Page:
Hey there —
Take a look around you. Do your surroundings include any of the following?
✏️ A desk
💻 A computer screen
🪑 An uncomfortable chair
🛋️ A couch with a visible imprint of your body
💡 Artificial lighting
If you can’t remember the last time you breathed fresh air, let the sunshine hit your skin, or logged out of the online world in favor of the real one for more than five minutes…you may want to consider our April challenge to get outside.
(Or as the kids like to say these days — go touch some grass.)
Getting outside every day is something that many of us take for granted. After all, with our remote jobs, Uber Eats, and same-day Amazon delivery, who needs to leave the house? 🏠
When you’ve established the habit of spending the majority of your day indoors, it can be tricky to break out of it. But spending time outdoors might be more important than you think — and it can have a major impact on your overall well-being.
Ming Kuo, a researcher at the University of Illinois who has studied nature’s effect on humans for over 30 years, shares that when people have access to nature, “you see better social functioning. You see better psychological functioning and better physical health.”
That’s because Kuo’s studies, among others, have shown that spending time in nature:
Increases empathy and cooperation
Boosts happiness and resiliency
Sharpens focus and attention
Improves blood pressure and cholesterol levels
Strengthens your immune system (including boosting anti-cancer proteins)
Significantly lowers stress
Reduces depression and anxiety
Psychologist Ethan Kross highlights such studies in his book Chatter: The Voice in Our Head, Why It Matters, and How to Harness It, noting that the positive effects of nature may also offer us a way to foster positive internal dialogue and fight our negative inner critic.
“These findings raise a fascinating possibility that the internal conversations we have with ourselves are influenced by the physical spaces we navigate in our daily lives. And if we make smart choices about how we relate to our surroundings, they can help us control our inner voice.”
Clearly, there’s a reason we go outside when we need to “clear our head.” 🍃
And there’s one more added benefit to making a habit of getting outdoors. If you’re an overachiever who has failed at sticking with new routines because you try to do all the things, only to burn out, this is a great opportunity to build a healthy concurrent habit — allowing you to do more without running yourself into the ground.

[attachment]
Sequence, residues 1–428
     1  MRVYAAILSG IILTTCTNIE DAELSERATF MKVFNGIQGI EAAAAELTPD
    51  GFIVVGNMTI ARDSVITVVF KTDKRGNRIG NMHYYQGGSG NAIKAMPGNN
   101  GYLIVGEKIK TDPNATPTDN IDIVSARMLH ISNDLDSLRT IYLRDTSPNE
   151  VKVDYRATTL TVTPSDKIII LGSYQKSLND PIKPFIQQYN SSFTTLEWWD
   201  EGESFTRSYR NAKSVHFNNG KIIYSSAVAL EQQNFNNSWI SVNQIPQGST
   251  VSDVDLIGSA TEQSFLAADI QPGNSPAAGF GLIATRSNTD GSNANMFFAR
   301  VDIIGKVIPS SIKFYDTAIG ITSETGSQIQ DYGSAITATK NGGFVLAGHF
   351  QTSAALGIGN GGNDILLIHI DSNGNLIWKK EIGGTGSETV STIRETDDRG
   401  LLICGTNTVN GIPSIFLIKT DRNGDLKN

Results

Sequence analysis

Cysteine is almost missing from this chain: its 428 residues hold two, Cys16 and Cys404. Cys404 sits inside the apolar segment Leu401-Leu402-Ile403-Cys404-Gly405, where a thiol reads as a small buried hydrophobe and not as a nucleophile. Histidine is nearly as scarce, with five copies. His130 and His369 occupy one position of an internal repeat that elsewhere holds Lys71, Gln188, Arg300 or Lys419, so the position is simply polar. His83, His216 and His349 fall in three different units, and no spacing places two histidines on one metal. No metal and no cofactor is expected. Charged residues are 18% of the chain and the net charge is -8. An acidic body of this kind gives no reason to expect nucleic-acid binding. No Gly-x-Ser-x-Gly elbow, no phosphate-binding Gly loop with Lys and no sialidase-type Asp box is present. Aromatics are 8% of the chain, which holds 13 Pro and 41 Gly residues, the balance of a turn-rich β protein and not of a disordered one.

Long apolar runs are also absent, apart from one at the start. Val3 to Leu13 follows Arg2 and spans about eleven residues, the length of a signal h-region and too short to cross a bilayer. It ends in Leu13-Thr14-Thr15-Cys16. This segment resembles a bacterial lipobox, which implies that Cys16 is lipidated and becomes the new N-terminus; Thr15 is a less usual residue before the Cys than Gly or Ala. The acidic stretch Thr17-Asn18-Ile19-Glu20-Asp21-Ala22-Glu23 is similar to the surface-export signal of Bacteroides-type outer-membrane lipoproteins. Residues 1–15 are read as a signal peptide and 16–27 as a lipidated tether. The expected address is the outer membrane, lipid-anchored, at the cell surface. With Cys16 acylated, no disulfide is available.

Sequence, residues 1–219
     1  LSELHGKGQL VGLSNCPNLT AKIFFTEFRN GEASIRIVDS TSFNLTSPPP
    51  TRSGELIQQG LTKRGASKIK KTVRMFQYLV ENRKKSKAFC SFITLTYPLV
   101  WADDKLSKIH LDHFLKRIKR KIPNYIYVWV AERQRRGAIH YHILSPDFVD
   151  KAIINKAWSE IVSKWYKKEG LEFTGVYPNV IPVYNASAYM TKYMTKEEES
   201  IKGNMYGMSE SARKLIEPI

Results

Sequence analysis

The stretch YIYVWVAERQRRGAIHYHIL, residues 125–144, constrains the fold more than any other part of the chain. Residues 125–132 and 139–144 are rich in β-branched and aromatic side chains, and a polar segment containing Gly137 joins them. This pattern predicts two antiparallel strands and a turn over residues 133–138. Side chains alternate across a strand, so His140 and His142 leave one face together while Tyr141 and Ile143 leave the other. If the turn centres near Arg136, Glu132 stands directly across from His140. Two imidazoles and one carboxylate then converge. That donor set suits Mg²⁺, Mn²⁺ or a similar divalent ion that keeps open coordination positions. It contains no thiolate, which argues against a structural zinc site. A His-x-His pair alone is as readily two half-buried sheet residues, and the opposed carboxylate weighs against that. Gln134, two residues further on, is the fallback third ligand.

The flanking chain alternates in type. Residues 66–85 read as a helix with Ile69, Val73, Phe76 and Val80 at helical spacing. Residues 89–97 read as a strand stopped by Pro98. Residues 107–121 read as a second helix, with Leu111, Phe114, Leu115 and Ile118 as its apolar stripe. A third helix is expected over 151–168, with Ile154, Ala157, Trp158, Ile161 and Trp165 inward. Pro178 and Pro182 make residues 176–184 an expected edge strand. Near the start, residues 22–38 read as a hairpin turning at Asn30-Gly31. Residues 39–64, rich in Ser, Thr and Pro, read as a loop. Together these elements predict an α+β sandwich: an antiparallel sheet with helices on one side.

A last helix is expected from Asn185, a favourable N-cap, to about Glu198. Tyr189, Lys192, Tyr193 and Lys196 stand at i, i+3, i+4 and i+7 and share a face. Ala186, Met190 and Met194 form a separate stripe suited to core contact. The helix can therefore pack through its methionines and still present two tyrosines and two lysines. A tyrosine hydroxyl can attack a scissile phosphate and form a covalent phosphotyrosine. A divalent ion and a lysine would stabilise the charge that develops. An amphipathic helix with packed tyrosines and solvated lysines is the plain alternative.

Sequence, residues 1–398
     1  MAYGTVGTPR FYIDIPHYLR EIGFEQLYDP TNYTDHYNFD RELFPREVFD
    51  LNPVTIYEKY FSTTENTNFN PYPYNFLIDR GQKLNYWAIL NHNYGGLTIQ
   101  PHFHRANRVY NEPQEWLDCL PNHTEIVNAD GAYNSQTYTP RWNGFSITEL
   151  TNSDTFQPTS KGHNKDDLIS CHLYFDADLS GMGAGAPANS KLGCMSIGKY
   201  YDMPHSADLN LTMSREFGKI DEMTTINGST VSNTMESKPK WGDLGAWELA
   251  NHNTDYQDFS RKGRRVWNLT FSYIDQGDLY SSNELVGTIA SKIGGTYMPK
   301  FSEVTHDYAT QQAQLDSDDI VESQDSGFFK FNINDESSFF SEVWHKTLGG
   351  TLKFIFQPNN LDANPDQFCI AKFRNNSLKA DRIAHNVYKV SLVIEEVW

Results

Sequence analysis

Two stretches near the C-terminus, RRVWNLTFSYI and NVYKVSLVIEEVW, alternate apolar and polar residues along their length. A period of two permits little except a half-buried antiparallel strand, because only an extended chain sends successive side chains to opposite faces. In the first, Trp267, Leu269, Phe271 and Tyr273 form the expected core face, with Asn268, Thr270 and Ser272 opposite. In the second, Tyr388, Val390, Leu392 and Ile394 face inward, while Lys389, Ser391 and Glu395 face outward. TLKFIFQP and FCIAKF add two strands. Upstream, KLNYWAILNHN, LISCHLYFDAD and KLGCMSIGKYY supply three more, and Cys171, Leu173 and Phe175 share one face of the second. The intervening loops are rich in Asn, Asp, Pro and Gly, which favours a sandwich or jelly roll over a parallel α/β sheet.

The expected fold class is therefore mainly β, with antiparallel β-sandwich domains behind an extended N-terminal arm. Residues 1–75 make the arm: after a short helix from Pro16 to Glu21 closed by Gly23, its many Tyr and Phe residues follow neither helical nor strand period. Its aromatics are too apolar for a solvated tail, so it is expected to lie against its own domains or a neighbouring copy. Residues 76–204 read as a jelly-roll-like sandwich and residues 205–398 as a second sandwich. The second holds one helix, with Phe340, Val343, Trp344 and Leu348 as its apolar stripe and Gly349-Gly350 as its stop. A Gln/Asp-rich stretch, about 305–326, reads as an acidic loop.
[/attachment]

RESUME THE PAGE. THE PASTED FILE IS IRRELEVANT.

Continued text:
For example, if you also want to focus on your physical health, make your time outside active, like a walk, hike, or bike ride. Or if you want to focus on your mental and/or emotional health, make it a quiet, meditative moment. Think of it as a two-for-one deal!
So what are you waiting for? Vanquish your inner vampire and get outside. The grass is greener on the other side of whatever screen you’re reading this on. 😉 ☘️
Participate in the challenge!
Daily action: Every day for the next 30 days, spend 15 minutes outside.
To help you track your progress, download this printable Habit Tracker to mark off each day you get outdoors.
And after you’ve finished the challenge, fill out this Challenge Reflection to look back at your experience, take note of what you learned, and decide if this is a habit you want to make a permanent part of your routine.
Tips for success
🪟 Do what you can. If you don’t have easy access to green spaces (or time to get there during the week), focus on simply stepping outside your home or office. Look up at the clouds, take some deep breaths, and feel the breeze from your front steps, porch, or sidewalk. Then consider hitting up a local park, beach, or hiking trail over the weekend for maximum nature impact.
🗓️ Put it on your calendar. It’s the end of a busy day, and just as you’re crawling into bed, you realize you forgot about your new habit. (It happens to all of us!) Make intentional space and block off those 15 outdoor minutes on your calendar — and set a reminder while you’re at it. While stargazing is a great outdoor activity, you don’t want to miss out on the benefits of actual sunlight (get that vitamin D!).
✅❌ Set technology dos and don'ts. We definitely recommend taking the opportunity to fully disconnect and let your mind wander. But if you want to combine your outdoor time with learning or connection (or you’re not comfortable leaving the house without your phone), at least establish some boundaries. Do: listen to an audiobook or call a friend to catch up while you walk around your neighborhood. Don’t: scroll Instagram from a park bench. Tuck away that screen and look up!
Learn more (and find your moment of outdoor zen)
Our better nature: How the great outdoors can improve your life
By NPR’s Hidden Brain
Dive deeper into the power of nature with Ming Kuo on this episode of NPR’s Hidden Brain podcast. 🌿
In her conversation with host Shankar Vedantam, Kuo shares how her research on the “dark side” of the environment brought her to the discovery of just how important nature and green spaces are, and how getting intentional about our environment can help us become our best selves.
The fascinating data she's uncovered in her research (like how more trees in a neighborhood = less crime) may surprise you — and make you pay a little more attention to how green (or not so green) the spaces around you are.
How to meditate outdoors
By Jenni Gritters
Bring a little more purpose and intention to your time outside with these three meditation exercises that will help you tune into your surroundings (even if you’re just walking around your neighborhood).
It’s a great way to clear your mind and be more present (and the walking meditation is a great choice if you want to practice mindfulness, but have a hard time sitting still).🚶
Written by Ashley Martin
Edited by Matt D'Avella